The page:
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In technical terms, the funds are substantial. They are available for use until 2024 and encumbered with minimal restrictions—a big departure from the norm of federal grants. Major provisions of the package are permissive and make clear that ARP money can be used to backfill revenue declines; respond to COVID-19’s public health and recessionary impacts; or invest in water, sewer, and broadband infrastructure. Funds can also be given to nonprofits or public benefit corporations to address the law’s broad purposes. Critically, localities are not subservient to their states—they receive their own funding, with the inflows relatively broad and distinct.

In short, ARP is much more flexible than March 2020’s CARES Act and more discretionary than the complicated mixed bag of 2009’s American Recovery and Reinvestment Act.

The upshot of all of this is that the coming funds represent a bright green light for creative problem-solving by states and localities. They now will have significant resources to wield for broad purposes, with power to aggregate them, link them, and align them in service of nudging their regions toward a new trajectory of inclusive economic growth.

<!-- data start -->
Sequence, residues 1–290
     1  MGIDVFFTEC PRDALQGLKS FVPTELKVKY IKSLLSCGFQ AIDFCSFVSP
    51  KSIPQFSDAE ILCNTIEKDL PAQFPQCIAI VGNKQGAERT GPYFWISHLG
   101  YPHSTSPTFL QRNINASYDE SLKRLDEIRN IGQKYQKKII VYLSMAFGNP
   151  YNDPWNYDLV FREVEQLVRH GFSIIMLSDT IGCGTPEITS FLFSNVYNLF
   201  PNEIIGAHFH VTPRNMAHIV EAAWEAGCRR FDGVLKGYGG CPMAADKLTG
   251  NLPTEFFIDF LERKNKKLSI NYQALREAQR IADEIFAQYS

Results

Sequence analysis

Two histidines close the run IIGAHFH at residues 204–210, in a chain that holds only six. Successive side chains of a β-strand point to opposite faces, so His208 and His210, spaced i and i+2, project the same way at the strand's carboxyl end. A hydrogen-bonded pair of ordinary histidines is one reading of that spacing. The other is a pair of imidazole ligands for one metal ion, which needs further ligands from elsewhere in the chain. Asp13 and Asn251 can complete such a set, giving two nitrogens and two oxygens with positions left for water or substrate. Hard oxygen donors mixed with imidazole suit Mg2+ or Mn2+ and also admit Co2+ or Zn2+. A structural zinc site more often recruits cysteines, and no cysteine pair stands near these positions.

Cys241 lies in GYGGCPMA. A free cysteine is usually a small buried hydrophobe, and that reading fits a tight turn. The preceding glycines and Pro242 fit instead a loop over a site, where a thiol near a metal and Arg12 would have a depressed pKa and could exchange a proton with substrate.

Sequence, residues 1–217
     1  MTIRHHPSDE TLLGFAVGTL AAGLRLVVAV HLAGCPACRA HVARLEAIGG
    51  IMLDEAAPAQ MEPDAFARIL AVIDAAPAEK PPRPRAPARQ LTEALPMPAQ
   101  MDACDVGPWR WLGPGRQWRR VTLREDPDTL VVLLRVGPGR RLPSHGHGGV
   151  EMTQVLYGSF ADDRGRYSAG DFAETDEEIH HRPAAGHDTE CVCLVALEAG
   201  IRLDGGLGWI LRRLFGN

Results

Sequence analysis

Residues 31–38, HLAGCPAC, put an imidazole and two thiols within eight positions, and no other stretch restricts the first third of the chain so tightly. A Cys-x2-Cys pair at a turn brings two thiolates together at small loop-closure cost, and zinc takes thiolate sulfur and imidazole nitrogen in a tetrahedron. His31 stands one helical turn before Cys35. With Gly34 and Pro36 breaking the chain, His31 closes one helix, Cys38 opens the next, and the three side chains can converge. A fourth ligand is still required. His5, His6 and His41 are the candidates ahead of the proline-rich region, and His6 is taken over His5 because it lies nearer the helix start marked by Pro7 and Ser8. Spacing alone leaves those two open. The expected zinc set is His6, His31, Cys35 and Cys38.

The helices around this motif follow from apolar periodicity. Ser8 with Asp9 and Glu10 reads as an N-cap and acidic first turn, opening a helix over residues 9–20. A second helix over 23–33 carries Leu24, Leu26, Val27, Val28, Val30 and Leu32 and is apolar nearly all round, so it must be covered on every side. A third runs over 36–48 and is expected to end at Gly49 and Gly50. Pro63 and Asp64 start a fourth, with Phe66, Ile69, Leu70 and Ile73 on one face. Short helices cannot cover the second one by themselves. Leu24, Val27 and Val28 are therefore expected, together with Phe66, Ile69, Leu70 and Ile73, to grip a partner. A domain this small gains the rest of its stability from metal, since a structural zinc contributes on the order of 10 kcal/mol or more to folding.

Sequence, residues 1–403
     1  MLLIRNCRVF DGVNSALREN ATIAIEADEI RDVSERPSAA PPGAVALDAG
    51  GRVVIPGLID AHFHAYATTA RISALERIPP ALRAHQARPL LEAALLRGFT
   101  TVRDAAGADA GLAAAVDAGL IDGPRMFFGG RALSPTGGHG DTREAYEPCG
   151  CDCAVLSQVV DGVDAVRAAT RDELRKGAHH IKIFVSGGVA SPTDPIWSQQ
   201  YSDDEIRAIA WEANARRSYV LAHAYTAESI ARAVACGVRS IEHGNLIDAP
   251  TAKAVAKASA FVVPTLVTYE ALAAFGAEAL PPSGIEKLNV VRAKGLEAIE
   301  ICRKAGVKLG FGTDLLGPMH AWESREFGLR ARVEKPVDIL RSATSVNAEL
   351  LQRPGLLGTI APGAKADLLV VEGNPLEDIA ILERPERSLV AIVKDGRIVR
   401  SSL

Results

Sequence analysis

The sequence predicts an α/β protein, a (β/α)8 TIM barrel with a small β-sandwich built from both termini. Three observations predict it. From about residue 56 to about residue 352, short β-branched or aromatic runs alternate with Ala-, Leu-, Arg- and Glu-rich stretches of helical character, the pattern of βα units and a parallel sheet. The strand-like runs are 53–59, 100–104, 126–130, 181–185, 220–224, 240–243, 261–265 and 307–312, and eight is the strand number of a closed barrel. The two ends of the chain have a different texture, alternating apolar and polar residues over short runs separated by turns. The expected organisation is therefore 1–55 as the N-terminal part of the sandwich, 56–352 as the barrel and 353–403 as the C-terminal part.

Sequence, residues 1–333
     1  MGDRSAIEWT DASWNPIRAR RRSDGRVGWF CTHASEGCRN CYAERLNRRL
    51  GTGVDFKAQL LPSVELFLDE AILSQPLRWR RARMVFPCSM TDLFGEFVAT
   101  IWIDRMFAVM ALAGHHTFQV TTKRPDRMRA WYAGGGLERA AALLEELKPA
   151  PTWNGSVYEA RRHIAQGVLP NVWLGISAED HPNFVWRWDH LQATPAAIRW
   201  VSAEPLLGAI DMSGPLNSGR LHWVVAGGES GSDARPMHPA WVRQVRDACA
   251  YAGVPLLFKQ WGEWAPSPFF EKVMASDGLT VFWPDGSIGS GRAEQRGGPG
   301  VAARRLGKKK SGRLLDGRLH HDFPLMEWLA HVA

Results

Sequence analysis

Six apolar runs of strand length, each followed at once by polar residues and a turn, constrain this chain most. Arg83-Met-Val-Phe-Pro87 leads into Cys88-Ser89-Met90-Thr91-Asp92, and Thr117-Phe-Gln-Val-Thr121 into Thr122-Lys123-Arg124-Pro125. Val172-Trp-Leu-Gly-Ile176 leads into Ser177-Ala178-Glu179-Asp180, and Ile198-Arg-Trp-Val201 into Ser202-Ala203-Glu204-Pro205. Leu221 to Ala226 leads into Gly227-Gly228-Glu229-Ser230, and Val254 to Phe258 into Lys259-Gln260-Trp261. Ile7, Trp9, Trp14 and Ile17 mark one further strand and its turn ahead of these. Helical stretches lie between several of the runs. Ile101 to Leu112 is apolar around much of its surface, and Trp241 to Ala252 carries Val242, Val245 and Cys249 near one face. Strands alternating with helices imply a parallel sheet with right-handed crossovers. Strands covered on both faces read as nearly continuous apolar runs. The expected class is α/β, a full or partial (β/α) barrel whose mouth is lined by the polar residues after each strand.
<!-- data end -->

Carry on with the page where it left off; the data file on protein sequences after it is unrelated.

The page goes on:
What might such transformative implementation look like? Based on on-the-ground work in Northeast Ohio and Birmingham, Ala., Parilla and Whitehead suggest that smart use of the coming windfall will call for elected officials and the networks of civic, business, philanthropic, and community stakeholders that surround them to stabilize, strategize, and organize around a future vision. So, while pandemic-related budget damage (where it persists) needs to be repaired, states and cities will in most cases have the tools to explore more ambitious initiatives and put their regional economies on a better footing as business operations and public life return to normal.

In that vein, states and localities can and should move to launch some of the many smart experiments that have been proposed in their regions but deferred amid fiscal uncertainty.